But it warned climate change-induced natural disasters posed a major threat to its new forecast, citing “drought and bushfires in Australia” alongside hurricanes in the Carribean and floods and drought in parts of Africa.
Political and economic leaders have gathered at the Swiss ski resort of Davos for the World Economic ForumCredit:AP
“Climate change, the driver of the increased frequency and intensity of weather-related disasters, already endangers health and economic outcomes, and not only in the directly affected regions,” the report said.
The IMF warned the effects of climate change would eventuate in areas “that may not yet feel the direct effects”, including the insurance industry.
In a press conference at Davos on Monday ahead of the forum’s official opening, IMF chief economist Gita Copinath was asked whether governments around the world were moving fast enough to limit global temperature rises.
IMF chief economist Gita Gopinath. Credit:Bloomberg
“Climate risk is near and present,” she said. “There are huge [economic] changes that will be associated with the change we are seeing in the climate.
“This is something that countries can’t actually argue about. It is a major issue. They have to step up and they should display all the political will that’s needed to get the job done.”
The Morrison government has dropped its previous iron-clad commitment to deliver a budget surplus in the 2019-21 financial year in the wake of the destructive bushfire emergency in New South Wales, Victoria and South Australia.
The government had promised a $5 billion surplus this financial year – the first since the federal budget went into the red in 2008.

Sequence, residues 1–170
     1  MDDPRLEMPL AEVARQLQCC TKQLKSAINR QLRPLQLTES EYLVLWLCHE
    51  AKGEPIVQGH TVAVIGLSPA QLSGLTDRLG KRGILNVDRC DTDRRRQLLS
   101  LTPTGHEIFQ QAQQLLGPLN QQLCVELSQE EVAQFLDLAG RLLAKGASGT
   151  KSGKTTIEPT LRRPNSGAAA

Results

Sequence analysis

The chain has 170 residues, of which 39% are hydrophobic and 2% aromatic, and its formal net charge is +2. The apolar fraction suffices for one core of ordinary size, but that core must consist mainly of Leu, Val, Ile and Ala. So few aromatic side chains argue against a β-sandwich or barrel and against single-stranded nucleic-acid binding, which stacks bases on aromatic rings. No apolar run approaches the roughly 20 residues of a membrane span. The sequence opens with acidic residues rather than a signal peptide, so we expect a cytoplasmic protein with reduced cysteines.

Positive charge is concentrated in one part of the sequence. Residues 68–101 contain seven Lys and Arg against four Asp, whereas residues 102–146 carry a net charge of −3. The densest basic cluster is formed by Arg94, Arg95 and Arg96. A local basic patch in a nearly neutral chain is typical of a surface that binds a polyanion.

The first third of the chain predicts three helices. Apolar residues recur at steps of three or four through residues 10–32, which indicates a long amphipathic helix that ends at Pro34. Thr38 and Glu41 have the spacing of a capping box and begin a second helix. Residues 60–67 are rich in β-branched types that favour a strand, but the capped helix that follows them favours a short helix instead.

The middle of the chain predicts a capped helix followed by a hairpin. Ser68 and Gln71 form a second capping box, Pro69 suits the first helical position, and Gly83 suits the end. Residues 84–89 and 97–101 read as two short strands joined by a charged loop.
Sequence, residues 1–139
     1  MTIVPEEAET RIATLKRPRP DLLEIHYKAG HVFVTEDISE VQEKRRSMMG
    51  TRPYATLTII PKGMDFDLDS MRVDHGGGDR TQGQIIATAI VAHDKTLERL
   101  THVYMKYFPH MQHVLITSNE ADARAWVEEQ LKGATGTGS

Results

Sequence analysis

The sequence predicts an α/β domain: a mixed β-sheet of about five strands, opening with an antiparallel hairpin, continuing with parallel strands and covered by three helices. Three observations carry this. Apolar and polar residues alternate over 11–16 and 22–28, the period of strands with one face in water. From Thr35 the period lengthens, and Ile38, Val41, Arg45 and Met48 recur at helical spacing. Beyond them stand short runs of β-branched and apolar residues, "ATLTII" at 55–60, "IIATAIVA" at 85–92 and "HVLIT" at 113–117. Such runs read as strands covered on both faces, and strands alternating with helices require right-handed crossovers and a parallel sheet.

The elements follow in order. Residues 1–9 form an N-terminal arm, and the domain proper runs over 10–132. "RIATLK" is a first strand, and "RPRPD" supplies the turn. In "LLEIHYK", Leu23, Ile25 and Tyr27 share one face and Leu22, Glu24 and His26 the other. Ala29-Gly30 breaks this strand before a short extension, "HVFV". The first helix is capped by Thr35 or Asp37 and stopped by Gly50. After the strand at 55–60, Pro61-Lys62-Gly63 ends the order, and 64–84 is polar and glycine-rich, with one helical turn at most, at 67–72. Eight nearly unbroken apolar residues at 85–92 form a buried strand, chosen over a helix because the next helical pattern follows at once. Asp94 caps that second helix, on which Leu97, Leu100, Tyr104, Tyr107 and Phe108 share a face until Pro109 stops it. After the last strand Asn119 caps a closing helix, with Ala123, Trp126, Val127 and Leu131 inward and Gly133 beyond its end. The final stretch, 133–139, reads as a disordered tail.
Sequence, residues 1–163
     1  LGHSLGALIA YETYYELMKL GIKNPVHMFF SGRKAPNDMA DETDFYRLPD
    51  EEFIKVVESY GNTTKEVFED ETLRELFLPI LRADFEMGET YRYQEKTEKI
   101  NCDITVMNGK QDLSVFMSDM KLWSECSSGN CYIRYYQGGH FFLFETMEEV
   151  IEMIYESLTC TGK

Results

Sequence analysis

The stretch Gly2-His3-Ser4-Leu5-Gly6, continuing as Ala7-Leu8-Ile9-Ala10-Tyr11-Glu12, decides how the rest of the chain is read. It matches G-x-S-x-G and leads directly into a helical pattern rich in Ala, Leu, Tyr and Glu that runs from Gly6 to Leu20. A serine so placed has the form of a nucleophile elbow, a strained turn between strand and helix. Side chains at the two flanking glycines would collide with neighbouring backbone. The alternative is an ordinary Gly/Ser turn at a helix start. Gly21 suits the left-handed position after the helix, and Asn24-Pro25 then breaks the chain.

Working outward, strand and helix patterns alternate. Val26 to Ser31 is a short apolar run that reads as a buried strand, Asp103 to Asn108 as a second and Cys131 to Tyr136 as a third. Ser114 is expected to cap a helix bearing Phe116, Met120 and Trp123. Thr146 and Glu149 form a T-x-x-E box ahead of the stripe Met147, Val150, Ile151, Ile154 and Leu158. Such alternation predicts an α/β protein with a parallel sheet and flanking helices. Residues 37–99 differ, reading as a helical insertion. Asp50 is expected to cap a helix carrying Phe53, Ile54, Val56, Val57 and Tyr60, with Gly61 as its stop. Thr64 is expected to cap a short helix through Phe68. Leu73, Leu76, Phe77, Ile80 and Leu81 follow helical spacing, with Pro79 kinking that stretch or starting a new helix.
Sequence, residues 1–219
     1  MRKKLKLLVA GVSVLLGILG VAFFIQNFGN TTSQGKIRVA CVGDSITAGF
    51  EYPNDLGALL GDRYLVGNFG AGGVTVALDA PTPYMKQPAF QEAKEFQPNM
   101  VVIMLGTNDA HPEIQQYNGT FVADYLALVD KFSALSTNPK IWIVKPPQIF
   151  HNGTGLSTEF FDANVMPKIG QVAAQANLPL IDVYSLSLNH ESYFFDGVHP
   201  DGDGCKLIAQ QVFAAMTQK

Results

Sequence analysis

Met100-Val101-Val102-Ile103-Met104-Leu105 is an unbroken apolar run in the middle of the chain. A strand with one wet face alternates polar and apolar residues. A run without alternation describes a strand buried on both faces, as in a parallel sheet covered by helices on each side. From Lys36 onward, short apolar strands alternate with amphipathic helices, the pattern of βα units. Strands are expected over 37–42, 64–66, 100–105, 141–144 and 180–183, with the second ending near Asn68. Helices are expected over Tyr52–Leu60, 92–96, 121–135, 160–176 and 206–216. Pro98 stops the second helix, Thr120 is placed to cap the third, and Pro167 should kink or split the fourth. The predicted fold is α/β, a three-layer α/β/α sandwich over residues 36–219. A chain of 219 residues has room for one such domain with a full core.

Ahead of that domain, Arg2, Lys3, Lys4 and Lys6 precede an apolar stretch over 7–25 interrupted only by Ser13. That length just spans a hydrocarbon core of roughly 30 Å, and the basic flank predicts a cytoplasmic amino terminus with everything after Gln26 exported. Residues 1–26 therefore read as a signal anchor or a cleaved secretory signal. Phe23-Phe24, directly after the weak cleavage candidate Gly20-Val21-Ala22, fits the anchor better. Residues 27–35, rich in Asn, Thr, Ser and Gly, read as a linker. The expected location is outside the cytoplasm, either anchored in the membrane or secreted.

Australia is being represented at Davos by Finance Minister Mathias Cormann, who will speak at a session on Thursday titled, ‘The global impact of Australia’s wildfires’. US President Donald Trump will deliver a major speech and climate campaigner Greta Thunberg will speak on ‘averting a climate apocalypse’.
British Prime Minister Boris Johnson has not come to Davos and is instead focussed on a major African investment summit in London.
Johnson opened the gathering of African leaders on Monday with a pledge to ban any new direct official development assistance, investment, export credit or trade promotion for thermal coal mining or coal power plants overseas. The UK has not made such funding commitments for a number of years but the announcement formalises that position and environmental campaigners hope it is the catalyst for a new world-wide standard.
“There’s no point in the UK reducing the amount of coal we burn if we then trundle over to Africa and line our pockets by encouraging African states to use more of it,” Johnson said.
“We all breathe the same air, we live beneath the same sky, and we all suffer when carbon emissions rise and the planet warms.
“To put it simply, not another penny of UK taxpayers’ money will be directly invested in digging up coal or burning it for electricity.”
Bevan Shields is the Europe correspondent for The Sydney Morning Herald and The Age.
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